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State Web site rank falls from 2 to 18

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State Web site rank falls from 2 to 18

State Web site rank falls from 2 to 18

Maine's ranking for its Web site and its use of the Internet to help its residents has plummeted from second best in the nation to 18th. The principal reason, the annual study indicates, is that Maine charges for use of some of its Web-based services and most states do not.

"Most places have resisted going to user fees because it is a barrier to system usage," professor Darrell West of Brown University said. "Maine also lost points in our rating system for creating in essence what is a premium section of the Web site where people must pay to get additional information they may want."

The ranking awards points for such things as the number of publications available on the Web site, but gives negative points for such things as user fees to access information. West said Maine did very well in some areas, but dropped in the ratings because of fees charged to access parts of the Web site and for fees imposed on various transactions.

"States lose points [in the ranking] when they charge the public for transactions," West said. "The belief is that states are saving money by having transactions done online and they should not be charging for something that saves the state."

West said Maine is in the minority of states that have contracted with the private sector to operate the state government Web site. He said most states operate their Web sites with state staff and facilities, and that could be part of the reason Maine charges more fees than many other states.

The state's chief information officer, Richard Thompson, defended the way the state operates its "e-portal" to the world.

"I am chair of the Informe Board," he said." Maine went this route several years ago because we could not afford to pay for the expensive infrastructure that is needed."

Thompson said Informe, short for Information Resource of Maine, the name of the company that operates the state Web site, is allowed to charge only for "added value" it provides to the otherwise public information. An example would be combining public databases from different state agencies into a new database.

But he acknowledged there are many transaction fees charged on the Web site.

"We do charge for convenience transactions, but no more than was already being charged," he said.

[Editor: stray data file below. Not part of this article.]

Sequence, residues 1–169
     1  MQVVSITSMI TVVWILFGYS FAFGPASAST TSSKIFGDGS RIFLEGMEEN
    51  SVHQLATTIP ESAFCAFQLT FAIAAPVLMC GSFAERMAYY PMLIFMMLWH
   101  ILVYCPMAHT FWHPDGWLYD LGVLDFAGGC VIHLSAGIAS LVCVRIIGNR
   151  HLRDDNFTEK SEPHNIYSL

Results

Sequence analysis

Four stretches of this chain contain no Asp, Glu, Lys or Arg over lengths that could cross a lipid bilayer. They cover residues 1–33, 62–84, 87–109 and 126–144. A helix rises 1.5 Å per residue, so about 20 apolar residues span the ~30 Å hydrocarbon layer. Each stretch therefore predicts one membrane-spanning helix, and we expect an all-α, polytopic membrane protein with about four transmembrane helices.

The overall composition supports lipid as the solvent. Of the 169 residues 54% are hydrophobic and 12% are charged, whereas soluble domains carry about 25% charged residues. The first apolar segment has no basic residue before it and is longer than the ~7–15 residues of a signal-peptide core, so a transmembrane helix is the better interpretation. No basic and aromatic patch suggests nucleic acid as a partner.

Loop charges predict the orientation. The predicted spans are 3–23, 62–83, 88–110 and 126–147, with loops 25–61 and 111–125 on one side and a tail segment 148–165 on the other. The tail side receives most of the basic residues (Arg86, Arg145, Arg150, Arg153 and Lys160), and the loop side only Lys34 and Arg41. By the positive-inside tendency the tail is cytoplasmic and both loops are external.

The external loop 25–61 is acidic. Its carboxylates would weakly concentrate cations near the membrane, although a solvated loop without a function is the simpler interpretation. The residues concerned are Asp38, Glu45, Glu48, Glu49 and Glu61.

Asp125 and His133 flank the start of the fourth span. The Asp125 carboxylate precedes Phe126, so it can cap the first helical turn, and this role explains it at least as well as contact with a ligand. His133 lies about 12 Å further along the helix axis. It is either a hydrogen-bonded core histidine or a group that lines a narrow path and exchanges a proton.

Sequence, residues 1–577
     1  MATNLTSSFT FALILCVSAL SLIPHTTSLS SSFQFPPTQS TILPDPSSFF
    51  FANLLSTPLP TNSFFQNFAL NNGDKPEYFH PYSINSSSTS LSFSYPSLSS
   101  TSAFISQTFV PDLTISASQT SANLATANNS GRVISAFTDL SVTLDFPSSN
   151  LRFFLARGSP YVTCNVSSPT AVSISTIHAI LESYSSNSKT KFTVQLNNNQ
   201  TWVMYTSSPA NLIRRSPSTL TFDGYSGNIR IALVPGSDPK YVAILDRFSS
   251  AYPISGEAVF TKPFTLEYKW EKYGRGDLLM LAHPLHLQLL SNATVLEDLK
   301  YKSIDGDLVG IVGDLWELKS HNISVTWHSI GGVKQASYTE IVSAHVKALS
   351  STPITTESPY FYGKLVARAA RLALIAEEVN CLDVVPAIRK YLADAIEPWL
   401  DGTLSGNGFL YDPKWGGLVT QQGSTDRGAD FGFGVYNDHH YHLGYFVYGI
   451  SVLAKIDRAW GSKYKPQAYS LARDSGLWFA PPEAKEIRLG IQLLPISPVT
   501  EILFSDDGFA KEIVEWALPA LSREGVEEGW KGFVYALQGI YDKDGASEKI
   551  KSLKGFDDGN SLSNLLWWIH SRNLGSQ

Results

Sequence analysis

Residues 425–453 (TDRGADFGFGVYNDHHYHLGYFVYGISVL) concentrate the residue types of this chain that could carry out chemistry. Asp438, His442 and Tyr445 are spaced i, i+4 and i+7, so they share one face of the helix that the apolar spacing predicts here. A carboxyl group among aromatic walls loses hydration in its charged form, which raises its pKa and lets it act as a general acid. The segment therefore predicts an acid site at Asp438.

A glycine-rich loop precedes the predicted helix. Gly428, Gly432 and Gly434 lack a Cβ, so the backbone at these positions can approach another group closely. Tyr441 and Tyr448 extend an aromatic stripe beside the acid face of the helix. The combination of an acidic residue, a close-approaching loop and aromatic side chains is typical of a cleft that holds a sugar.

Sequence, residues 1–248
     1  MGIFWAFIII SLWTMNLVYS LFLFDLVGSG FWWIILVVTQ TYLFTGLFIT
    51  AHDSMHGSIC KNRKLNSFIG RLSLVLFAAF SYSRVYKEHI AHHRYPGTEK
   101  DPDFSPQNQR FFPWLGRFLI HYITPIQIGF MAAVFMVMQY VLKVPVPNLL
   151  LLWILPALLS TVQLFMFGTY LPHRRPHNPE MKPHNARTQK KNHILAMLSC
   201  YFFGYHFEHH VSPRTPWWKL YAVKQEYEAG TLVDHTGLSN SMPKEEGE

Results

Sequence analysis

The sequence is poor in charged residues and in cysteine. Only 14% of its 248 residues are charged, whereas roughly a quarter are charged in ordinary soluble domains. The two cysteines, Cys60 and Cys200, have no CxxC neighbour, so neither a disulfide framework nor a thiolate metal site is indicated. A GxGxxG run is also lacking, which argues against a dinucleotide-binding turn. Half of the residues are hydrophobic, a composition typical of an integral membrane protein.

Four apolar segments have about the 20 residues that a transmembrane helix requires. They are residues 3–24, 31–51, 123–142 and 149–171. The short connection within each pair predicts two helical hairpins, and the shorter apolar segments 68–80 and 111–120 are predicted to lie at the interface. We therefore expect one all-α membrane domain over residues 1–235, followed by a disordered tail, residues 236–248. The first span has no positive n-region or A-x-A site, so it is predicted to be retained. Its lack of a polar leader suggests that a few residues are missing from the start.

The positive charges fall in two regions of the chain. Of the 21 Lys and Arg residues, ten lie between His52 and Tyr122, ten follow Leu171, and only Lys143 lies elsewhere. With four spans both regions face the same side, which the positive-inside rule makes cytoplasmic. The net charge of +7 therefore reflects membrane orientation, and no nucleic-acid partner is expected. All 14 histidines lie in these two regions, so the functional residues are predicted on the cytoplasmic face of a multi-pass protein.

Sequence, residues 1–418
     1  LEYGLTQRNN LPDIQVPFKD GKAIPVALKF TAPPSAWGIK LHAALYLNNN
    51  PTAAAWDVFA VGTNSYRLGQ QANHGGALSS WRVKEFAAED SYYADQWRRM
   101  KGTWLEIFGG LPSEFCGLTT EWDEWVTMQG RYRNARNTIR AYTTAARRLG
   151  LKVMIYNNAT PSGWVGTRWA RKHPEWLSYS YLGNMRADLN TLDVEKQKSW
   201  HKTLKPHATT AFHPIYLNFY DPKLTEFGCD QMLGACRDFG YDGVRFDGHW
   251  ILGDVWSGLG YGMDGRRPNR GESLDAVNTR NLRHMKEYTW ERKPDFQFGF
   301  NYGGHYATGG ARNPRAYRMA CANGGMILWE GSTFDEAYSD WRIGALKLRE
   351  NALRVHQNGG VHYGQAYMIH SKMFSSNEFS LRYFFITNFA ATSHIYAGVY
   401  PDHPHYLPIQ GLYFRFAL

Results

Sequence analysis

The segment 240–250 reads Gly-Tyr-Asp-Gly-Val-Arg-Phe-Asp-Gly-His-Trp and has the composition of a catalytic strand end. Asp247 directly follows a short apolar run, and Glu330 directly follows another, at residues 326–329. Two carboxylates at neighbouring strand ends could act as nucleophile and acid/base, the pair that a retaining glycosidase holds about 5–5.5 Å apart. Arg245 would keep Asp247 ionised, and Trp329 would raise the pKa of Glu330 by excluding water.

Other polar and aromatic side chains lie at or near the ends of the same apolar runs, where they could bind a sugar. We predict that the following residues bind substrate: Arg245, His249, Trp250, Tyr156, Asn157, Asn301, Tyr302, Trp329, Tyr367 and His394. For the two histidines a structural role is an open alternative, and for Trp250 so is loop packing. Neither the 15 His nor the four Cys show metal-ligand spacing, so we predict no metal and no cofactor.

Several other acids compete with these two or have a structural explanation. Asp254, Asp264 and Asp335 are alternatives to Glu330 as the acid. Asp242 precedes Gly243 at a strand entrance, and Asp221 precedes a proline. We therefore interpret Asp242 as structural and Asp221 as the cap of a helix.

Thompson said an example of such a transaction would be the additional fee charged to renew a license plate online. It is the same as that charged for the convenience of renewing the license plate at the town or city office.

But West said the state should be saving money by having the transaction done online instead of by a clerk typing information into a computer at a state office. He said many states have realized significant savings from such electronic transactions.

"It sounds to me like Maine is more concerned about raising money from its Web site," he said

The most-used Web site in Maine state government is the sex offender Web site in the Department of Public Safety. It averages more than 750,000 hits a month, but it charges fees for access to any information beyond the limited information on the public Web site.

"This is a concern our committee has been looking into," said Sen. Bill Diamond, D-Windham, co-chair of the Legislature's Criminal Justice Committee. "Many of us feel the public should have access to all of this information as a matter of public safety without paying to get it."

Diamond said his panel has heard testimony that while there is tremendous public interest in the sex offender Web site, there is little use of the section with the additional fees attached. It costs $25 for access to additional sex offender information. A person who subscribes to Informe, which costs $75 a year, would pay $15 for that same access.

West said Maine also did not do well in the use of audio and video. He said other states use their Web sites to allow the public to listen to or view proceedings of regulatory agencies and for training programs and information on state government.

"I am not sure what they looked at," Thompson said. "The Legislature streams both sessions and public hearings on the Web. And in the executive branch we have the Public Utilities Commission that has been doing it for a long time."

West said Maine also did not do well in providing information in different languages. He said other states are providing reports and information on their Web sites in several languages.

"We have been talking about that, but no, we don't have a plan to address that yet," Thompson said. "I look on this report as a way for us to do better. We are looking at the criticisms, and where they are fair, I think we will try to address them."

Post Sat 26 Aug, 2006 5:25 pm 
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